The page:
The Closed World of Open Data

Posted: August 9, 2010 in Data Journalism
Tags: , ,

Open data, by its nature, should be for everyone. That’s why many good people such as Chris Taggart, Will Perrin and The Open Knowledge Foundation are trying to get data to the people who care. And who will care enough to look into it that bit further. Who will find the people, ask the questions and dig out the real story behind the numbers.

For me, this is the real key to citizen journalism. The above mentioned are the mavericks of data journalism. Because they are hyperlocal. They aim to reach further by breaking down data into what people care about and what they can understand.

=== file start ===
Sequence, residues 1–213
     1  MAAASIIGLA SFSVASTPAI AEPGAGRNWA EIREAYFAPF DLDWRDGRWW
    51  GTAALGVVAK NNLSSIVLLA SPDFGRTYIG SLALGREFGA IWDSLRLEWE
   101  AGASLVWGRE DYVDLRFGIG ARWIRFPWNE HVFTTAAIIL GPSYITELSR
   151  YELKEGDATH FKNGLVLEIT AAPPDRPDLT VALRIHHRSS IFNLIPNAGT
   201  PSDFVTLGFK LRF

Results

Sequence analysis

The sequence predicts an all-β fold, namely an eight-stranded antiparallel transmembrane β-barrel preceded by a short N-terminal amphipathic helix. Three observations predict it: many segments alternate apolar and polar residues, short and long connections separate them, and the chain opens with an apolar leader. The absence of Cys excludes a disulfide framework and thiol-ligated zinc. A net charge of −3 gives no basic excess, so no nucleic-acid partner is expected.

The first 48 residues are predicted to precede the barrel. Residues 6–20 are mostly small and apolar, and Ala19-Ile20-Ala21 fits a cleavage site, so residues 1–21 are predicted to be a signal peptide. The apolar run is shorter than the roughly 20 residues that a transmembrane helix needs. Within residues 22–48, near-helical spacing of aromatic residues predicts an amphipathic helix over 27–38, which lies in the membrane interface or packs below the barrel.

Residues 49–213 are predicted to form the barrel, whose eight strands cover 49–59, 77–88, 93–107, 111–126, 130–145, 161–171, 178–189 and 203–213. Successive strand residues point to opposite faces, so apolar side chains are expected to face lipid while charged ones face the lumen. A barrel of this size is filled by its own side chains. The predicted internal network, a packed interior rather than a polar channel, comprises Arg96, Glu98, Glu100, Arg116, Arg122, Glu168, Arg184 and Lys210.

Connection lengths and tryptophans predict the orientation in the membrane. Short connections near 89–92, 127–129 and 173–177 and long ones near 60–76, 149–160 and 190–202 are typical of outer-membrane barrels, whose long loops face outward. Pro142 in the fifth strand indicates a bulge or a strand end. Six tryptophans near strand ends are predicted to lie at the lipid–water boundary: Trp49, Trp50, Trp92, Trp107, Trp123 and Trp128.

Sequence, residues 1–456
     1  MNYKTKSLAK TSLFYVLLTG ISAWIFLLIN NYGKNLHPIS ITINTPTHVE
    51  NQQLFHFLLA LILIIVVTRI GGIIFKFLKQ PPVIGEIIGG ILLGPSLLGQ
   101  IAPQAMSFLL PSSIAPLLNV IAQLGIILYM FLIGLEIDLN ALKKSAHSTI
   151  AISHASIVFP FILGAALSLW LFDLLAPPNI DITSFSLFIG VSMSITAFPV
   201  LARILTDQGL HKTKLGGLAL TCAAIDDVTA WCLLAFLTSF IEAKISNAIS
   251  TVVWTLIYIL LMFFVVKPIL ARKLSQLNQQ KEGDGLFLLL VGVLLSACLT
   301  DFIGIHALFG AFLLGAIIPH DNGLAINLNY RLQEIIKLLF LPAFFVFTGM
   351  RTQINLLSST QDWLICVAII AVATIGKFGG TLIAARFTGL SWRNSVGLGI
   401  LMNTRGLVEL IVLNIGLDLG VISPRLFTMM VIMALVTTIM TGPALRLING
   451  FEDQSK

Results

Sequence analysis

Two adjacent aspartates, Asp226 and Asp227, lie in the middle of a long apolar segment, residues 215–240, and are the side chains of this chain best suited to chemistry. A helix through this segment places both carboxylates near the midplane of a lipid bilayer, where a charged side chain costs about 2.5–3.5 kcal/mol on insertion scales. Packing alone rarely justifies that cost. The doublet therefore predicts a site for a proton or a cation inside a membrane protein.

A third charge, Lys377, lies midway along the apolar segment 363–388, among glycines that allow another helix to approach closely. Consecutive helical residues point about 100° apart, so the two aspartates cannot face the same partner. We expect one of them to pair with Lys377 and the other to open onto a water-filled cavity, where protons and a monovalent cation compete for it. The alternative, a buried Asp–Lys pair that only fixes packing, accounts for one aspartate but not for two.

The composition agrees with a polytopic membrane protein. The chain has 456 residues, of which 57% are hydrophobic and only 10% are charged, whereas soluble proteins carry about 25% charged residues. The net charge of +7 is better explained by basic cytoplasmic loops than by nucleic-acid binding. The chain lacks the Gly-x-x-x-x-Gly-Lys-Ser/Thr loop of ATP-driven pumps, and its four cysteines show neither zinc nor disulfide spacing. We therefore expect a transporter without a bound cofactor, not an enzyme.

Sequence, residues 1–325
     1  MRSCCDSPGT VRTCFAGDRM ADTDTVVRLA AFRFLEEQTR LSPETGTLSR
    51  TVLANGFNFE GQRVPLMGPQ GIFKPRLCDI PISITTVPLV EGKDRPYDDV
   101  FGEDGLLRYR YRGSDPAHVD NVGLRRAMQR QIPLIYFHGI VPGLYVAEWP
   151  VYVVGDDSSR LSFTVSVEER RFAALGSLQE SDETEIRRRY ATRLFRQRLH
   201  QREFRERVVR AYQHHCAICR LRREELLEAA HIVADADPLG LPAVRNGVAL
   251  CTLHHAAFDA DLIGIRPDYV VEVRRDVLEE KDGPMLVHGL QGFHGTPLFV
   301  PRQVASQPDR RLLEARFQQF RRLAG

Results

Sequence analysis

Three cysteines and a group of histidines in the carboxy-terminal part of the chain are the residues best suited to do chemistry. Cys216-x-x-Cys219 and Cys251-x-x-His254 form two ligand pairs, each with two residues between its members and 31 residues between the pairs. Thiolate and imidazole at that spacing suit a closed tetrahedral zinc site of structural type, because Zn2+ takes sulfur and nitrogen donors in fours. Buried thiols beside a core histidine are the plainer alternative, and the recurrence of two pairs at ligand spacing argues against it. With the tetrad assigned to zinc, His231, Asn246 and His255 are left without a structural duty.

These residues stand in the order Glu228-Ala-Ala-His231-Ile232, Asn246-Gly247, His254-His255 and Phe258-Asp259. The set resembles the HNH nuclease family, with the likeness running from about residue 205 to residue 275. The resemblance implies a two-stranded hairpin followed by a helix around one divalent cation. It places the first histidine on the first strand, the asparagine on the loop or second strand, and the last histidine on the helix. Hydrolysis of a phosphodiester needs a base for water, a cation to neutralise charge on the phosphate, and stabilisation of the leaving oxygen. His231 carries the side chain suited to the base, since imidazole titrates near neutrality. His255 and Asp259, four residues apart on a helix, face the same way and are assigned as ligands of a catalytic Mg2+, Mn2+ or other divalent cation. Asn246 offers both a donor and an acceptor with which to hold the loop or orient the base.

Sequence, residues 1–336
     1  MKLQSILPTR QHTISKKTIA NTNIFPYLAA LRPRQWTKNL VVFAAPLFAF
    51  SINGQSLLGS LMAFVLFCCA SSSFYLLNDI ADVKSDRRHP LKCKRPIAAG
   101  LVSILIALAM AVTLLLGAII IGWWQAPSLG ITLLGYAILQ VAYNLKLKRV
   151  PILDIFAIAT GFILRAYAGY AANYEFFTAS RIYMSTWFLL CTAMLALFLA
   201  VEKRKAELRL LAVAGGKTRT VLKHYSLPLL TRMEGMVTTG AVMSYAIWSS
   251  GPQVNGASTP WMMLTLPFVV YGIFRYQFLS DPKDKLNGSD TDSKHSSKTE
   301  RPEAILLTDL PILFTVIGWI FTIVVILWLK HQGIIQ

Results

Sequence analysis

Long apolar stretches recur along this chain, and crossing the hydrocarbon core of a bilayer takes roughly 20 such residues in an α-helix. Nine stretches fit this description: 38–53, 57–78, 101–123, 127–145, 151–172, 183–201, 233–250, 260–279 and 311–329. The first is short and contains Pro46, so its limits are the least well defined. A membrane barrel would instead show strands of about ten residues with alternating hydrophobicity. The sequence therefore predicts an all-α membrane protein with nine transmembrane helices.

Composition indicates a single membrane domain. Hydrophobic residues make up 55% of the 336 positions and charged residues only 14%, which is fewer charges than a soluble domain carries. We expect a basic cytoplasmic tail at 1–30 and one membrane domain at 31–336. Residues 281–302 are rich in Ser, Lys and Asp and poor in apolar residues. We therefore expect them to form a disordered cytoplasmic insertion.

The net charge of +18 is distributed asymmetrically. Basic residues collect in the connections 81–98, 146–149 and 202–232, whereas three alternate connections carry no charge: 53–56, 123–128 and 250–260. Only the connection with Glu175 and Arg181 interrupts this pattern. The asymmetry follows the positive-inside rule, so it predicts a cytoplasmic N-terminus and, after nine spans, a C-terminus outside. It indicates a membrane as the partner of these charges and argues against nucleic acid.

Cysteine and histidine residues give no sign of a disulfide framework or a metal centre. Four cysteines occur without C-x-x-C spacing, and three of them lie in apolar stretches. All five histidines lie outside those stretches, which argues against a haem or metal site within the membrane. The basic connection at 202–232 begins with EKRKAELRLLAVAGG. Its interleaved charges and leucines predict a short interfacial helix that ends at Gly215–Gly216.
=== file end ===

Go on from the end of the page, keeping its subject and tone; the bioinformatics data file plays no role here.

Mainstream data journalism moves hand in hand with interactives and visualizations. Both of which I love and believe have not yet been given their rightful place in news spheres. The Guardian Data Store is a great example but it paints the painting-by-numbers picture of open data rather than contextualizing it.

My journey will be to discover how far one miniscule individual can go with the mountain of gigabytes freely available. I’m looking to read the numbers but first I must manage them. So it’ll be a combination of MySQL, Excel, Many Eyes and many more things I find along the way. I will share it with you if you’d like to accompany me on my journey.

It will be time consuming but not money consuming. I am a recent graduate and a hair’s breadth away from rummaging in bins. Martin Moore of Media Standards Trust blogs: “Soon every news organization will have its own ‘bunker’ – a darkened room where a hand-picked group of reporters hole up with a disk/memory stick/laptop of freshly opened data, some stale pizza and lots of coffee.”

May I someday earn said stale pizza…

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